JANE EDMANSON: And what about watering?
PENNY WOODWARD: And you water when you plant and you make sure they don’t dry out, but don’t overdo the watering cause they hate getting too wet.
JANE EDMANSON: Penny will be back later in the show to give us her top 5 favourite garlic cultivars.
Garlic Harvest, Curing, and Storage
Garlic growers in MA begin thinking about harvesting garlic in mid-late July but timing the harvest can be tricky. Here are some tips to help you decide when the time is right. Heads should be left in the ground as long as possible to attain maximum bulb size (which doubles in the last stage of growth), but not so long that the cloves begin to separate, as these bulbs sell and store poorly. Harvest when leaves begin to turn yellow, but when about 60% are still green. Check bulbs by cutting through the head sideways to see how well developed the cloves are. Cloves should fill the wrappers – if they seem a little loose, the garlic has a little ways to grow. A little of the very outer wrapper may have started to discolor at this point. Harvest before the bulbs pop, which can happen relatively quickly, especially in a wet year. Remember that it is better to harvest too early than too late.
Use hand tools to loosen soil under the bulbs or a mechanical harvester to undercut the bed. Pulling bulbs out when they are tight in the ground can open wounds at the stem- bulb junction and allow for fungal infections. Fresh bulbs bruise easily and these wounds can also encourage infection. Don’t knock off dirt by banging bulbs against boots, shovels, or buckets – shake or rub gently, and leave the rest to dry out during curing.
Curing is important for successful bulb storage and finding the ideal conditions for curing can also be a challenge. Curing in the field runs the risk of sunscald, while poorly ventilated barns can result in loss from disease. Avoid high temperatures (over 90 F) and bright sunlight. Rapid curing can be achieved by placing bulbs roots up on 1” wire mesh in a hoophouse covered with a shade cloth, and with the sides and ends open. A well-ventilated barn will also work, but be sure that bulbs are hung with adequate air circulation or on open racks up off the floor. Curing takes 10-14 days. Stems may be cut before or after curing. Curing is complete when the outer skins are dry and crispy, the neck is constricted, and the center of the cut stem is hard.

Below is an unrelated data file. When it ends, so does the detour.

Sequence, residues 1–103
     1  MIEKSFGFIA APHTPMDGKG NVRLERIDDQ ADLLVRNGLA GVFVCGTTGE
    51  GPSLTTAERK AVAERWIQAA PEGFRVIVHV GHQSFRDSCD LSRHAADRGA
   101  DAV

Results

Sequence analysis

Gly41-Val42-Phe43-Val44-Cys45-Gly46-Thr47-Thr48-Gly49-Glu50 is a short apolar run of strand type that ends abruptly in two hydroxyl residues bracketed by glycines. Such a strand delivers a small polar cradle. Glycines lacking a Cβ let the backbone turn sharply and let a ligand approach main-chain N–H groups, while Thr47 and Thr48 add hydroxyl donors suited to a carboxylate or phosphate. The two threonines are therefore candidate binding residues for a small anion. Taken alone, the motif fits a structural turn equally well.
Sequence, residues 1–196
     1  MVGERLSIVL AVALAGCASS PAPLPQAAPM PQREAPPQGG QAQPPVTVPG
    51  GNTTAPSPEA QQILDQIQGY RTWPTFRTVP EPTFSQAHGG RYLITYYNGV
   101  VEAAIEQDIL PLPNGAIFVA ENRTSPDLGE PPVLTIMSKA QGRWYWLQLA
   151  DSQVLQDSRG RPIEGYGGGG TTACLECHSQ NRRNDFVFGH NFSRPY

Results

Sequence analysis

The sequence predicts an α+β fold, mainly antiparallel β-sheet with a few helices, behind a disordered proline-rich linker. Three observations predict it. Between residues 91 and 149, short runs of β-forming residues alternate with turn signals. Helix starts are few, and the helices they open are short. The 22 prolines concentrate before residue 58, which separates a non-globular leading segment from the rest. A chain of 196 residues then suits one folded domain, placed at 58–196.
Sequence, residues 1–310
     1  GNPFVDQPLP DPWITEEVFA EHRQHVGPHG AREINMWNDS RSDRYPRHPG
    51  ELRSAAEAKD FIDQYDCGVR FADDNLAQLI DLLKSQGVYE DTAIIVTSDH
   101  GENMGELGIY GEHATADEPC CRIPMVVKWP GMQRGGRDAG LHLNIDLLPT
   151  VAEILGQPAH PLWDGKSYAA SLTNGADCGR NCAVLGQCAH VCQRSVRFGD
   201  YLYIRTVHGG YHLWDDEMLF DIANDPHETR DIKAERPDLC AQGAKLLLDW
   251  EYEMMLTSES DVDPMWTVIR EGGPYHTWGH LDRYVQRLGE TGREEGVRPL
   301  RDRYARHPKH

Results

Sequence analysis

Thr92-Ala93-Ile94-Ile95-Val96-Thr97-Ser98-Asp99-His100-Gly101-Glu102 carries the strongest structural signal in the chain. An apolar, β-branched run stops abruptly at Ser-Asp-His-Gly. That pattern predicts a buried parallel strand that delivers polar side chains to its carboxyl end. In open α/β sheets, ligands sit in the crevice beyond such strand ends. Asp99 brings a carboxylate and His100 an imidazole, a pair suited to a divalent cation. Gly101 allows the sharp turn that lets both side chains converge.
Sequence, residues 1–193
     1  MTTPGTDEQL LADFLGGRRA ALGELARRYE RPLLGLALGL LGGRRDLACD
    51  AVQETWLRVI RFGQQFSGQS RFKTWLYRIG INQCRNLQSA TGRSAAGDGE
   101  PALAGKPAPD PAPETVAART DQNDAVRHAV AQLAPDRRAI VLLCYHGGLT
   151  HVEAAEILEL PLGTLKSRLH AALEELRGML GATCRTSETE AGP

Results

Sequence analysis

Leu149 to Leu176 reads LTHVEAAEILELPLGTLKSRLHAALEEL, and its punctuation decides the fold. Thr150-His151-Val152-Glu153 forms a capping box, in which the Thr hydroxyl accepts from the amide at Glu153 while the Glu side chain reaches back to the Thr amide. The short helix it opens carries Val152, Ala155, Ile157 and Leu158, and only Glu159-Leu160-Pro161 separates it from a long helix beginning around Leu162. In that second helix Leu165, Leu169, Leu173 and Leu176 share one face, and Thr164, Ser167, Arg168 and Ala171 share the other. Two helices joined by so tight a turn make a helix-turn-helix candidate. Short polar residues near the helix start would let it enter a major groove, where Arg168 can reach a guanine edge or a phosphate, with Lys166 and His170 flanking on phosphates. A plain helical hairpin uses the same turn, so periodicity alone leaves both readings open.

Storage. After curing, garlic can be kept in good condition for 1 to 2 months at ambient temperatures of 68 to 86 °F under low relative humidity, ie., < 75%. However, under these conditions, bulbs will eventually become soft, spongy and shriveled due to water loss. For long-term storage, garlic is best maintained at temperatures of 30 to 32 °F with low RH (60 to 70%). Good airflow throughout storage containers is necessary to prevent any moisture accumulation. Under these conditions, well-cured garlic can be stored for 6-7 months. Storage at higher temperatures (60 °F) may be adequate for the short term, but it is important to select a place with low relative humidity and good air flow. As with onions, relative humidity needs to be lower than for most vegetables because high humidity causes root and mold growth; on the other hand, if it is too dry the bulbs will dry out.
Seed. Garlic bulbs that are to be used as seed for fall planting of next years’ crop should be stored at 50 °F and at relative humidity of 65-70%. Garlic cloves break dormancy most rapidly between 40 to 50 °F, hence prolonged storage at this temperature range should be avoided. Storage of planting stock at temperatures below 40 °F results in rough bulbs, side-shoot sprouting (witches-brooms) and early maturity, while storage above 65 °F results in delayed sprouting and late maturity.
Garlic cloves used for seed should be of the highest quality, with no disease infections, as these can be spread to new fields and to next years’ crop. Be on the lookout for garlic blight nematode which may have been distributed around New England on infested seed garlic. This nematode, which is also known as a bulb and stem nematode, causes bloated, twisted, swollen leaves, and distorted and cracked bulbs with dark rings. Infestation with this nematode can weaken plants, causing them to be susceptible to secondary infections. The UMass Plant Disease Diagnostic Lab can make a positive identification; call 413-545-3209 to submit a sample.
-R Hazzard. Resources: New England Vegetable Mgt Guide, Oregon State, ATTRA, Wishingstone Farm, Astarte Farm, USDA Handbook 66.
Last Edited 2013.
Knowing when to harvest garlic can be tricky. Here are tips to help you decide when the time is right to harvest garlic, plus learn how to cure and store garlic for winter.
Garlic is planted in the fall to allow the roots to begin growing before winter arrives, and the plants go dormant. Once the soil warms up in the spring, the garlic begins growing again right where it left off.
Since the bulbs are under ground, it is difficult to see when the garlic is ready to harvest. Lifting the bulbs too early will give you undeveloped, small bulbs. Harvesting too late and the cloves could split through their skins. Either situation will affect the garlic’s long-term storage potential.
How to Harvest Garlic for Winter Storing
If you are growing a garlic crop with plans on storing the bulbs for winter meals, you need to allow the garlic to mature fully before harvesting. The garlic bulbs should be allowed to grow as long as possible to reach the maximum size, but not so long that the cloves separate because these bulbs store poorly.
When is garlic ready to harvest?